Pushing the boundaries of creativity and experimentation
Elements 1.0 bottle and pack against distillery wall

A new era of experimentation has begun – the Elements series is here to celebrate all things imaginative and boundary-pushing in whisky making.

Our distillery team let their imaginations run wild with experimentation and creativity in making Elements. We’re excited to take you along on our journey to explore the different elements that make our whisky unique as we take our signature profile into new territories.


The first release is Elements 1.0, a unique single malt that went through a 55-hour fermentation process overseen by Distillery Manager Barry MacAffer.  

“In the past we have finished with different casks, we have used different maturation styles, however with this one what makes it really unique is it’s all about what we can change and what we can adapt and what we can modify at the distillery itself.” - Barry

Elements 1.0 bottle and pack

There are a few factors that set Elements 1.0 apart from the crowd and make it different to other unique releases.

Typically, we use two 5.5 tonne mash tuns at Laphroaig to give us 11 tonnes of wort to go into the washback. For this expression, the team looked back to the pre-1990s when it was common practice to use a singular 8.5 tonne mash tun, and used it in addition to the two 5.5s for a whisky that's the result of old meeting new.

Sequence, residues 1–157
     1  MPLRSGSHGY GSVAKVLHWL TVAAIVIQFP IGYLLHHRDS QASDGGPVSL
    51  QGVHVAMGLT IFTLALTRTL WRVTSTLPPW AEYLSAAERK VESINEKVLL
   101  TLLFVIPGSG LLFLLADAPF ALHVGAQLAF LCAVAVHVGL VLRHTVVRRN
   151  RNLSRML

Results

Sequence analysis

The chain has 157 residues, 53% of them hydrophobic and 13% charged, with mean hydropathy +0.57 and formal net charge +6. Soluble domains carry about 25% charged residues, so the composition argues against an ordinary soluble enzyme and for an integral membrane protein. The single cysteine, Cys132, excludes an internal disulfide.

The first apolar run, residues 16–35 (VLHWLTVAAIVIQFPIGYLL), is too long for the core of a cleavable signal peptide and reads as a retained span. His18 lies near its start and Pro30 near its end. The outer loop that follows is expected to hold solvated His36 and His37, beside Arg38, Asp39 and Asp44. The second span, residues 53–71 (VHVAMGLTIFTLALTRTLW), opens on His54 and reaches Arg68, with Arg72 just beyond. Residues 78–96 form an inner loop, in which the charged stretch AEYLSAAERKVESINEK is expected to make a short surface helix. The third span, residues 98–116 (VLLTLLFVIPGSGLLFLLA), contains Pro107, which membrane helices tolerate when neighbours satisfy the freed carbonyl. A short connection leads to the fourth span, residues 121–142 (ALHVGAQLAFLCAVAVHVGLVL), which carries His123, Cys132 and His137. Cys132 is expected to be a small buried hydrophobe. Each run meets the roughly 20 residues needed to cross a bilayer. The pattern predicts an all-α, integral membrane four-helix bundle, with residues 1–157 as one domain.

The wort we pull from the tuns through to the washbacks is usually semi-cloudy, which is what gives Laphroaig its combination of fruity and smoky flavours. For Elements 1.0, we’ve also pulled through cloudy wort, which gives us bigger and heavier flavours, emphasising the phenolic notes. Cloudy wort can be quite bold and a little overpowering, but this 50/50 mix of cloudy and semi-cloudy has balanced out perfectly.

Elements 1.0 bottle close up

Elements 1.0 bottle and pack at mash house

The story of this exciting release doesn’t just stop once the liquid is made. The packaging and design of Elements 1.0 is inspired by sketches of designs for our distillery expansion in the late 1800s and early 1900s.


There’s something new to study for the keen-eyed each time you look, as we’ve incorporated some nuggets of information about the process of creating Elements on the label of the bottle and the box itself. 




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Laphroaig whisky distillery Islay